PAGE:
World Court orders review of Pakistan death sentence for Indian convicted of spying
By Stephanie van den Berg
THE HAGUE (Reuters) - The World Court on Wednesday ordered Pakistan to review the death penalty given in 2017 to former Indian navy commander Kulbhushan Sudhir Jadhav who was convicted of being a spy.
The 16-judge panel said Pakistan has to provide an "effective review" of the case and added that a "continued stay of execution" of Jadhav was needed for that to happen.
Indian Prime Minister Narendra Modi welcomed the ruling, tweeting that "Truth and justice have prevailed".
"I am sure Kulbhushan Jadhav will get justice," he added.
India had asked the U.N. court, formally known as the International Court of Justice (ICJ), to intervene in the case, as it said Jadhav had been given an unfair trial and had been denied diplomatic assistance by Pakistan.
Pakistan argued that based under a bilateral treaty between the nations it was not obligated to allow diplomatic assistance for people suspected of being spies or terrorists.
The court dismissed that argument and found by 15 votes to 1 that Pakistan had breached Jadhav's rights under the Vienna Convention on Consular Relations, by not allowing Indian diplomats to visit him in jail or assist him during his trial at a military court.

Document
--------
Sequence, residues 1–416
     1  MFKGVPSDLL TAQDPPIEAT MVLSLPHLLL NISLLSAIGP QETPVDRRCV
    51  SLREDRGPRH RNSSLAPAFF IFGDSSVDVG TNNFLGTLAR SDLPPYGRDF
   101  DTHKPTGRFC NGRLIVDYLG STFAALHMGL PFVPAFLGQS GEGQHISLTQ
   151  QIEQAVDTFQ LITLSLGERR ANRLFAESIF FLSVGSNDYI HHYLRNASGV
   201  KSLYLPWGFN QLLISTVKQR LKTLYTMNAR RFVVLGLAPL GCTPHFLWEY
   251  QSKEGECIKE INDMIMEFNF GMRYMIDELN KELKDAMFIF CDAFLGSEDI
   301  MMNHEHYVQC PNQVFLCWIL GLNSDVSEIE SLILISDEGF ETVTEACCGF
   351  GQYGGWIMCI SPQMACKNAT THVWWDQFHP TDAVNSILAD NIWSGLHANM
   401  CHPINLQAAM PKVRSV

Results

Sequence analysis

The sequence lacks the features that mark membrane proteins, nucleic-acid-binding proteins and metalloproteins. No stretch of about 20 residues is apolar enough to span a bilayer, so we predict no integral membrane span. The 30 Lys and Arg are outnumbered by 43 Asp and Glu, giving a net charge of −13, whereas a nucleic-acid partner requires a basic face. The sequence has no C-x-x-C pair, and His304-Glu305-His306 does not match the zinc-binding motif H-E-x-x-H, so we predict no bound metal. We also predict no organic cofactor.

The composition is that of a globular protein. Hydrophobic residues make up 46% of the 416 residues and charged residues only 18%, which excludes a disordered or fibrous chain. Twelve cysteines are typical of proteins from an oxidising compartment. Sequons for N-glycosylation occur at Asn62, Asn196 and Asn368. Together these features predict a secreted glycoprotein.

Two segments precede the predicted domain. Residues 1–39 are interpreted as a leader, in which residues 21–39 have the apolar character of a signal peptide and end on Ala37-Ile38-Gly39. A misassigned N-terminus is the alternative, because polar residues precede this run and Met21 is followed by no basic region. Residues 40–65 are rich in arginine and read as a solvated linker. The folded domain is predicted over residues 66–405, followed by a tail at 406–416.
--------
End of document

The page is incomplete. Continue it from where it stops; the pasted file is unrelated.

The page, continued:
The ICJ has no means to enforce its rulings which are final and without appeal. It is unclear from the ruling what exactly would constitute an effective review of Jadhav's sentence.
Judges did say that Islamabad would need to take all necessary measures including changing their laws to ensure Jadhav's case will be properly reviewed.
Pakistan's attorney general Anwar Mansoor Khan told journalists outside the Peace Palace in the Hague that he considers the case "a clear win for Pakistan" as the court did not order the acquittal and release of Jadhav as India had sought.
He added that Pakistan would consider the review of Jadhav's case as ordered by the U.N. court but said a Pakistani court of law would have to decide how to proceed with that. When asked by journalists if that meant Indian diplomats would get access to Jadhav, he stressed that was up to the court.
"That court of law will act in accordance with the provisions contained in the Vienna conventions so we will have to wait for the court of law to give its judgment," Khan said.
Pakistan's Foreign Minister Shah Mehmood Qureshi said the ruling was "appropriate" and an endorsement of his country's stance.
"The point is whether Commander Jadhav didn't have a right to review under our laws - that was there," he said. "The decision which the military court gave, he could have appealed that."
(Additional Reporting by Asif Shahzad in Islamabad. Reporting by Stephanie van den Berg; Editing by Toby Chopra)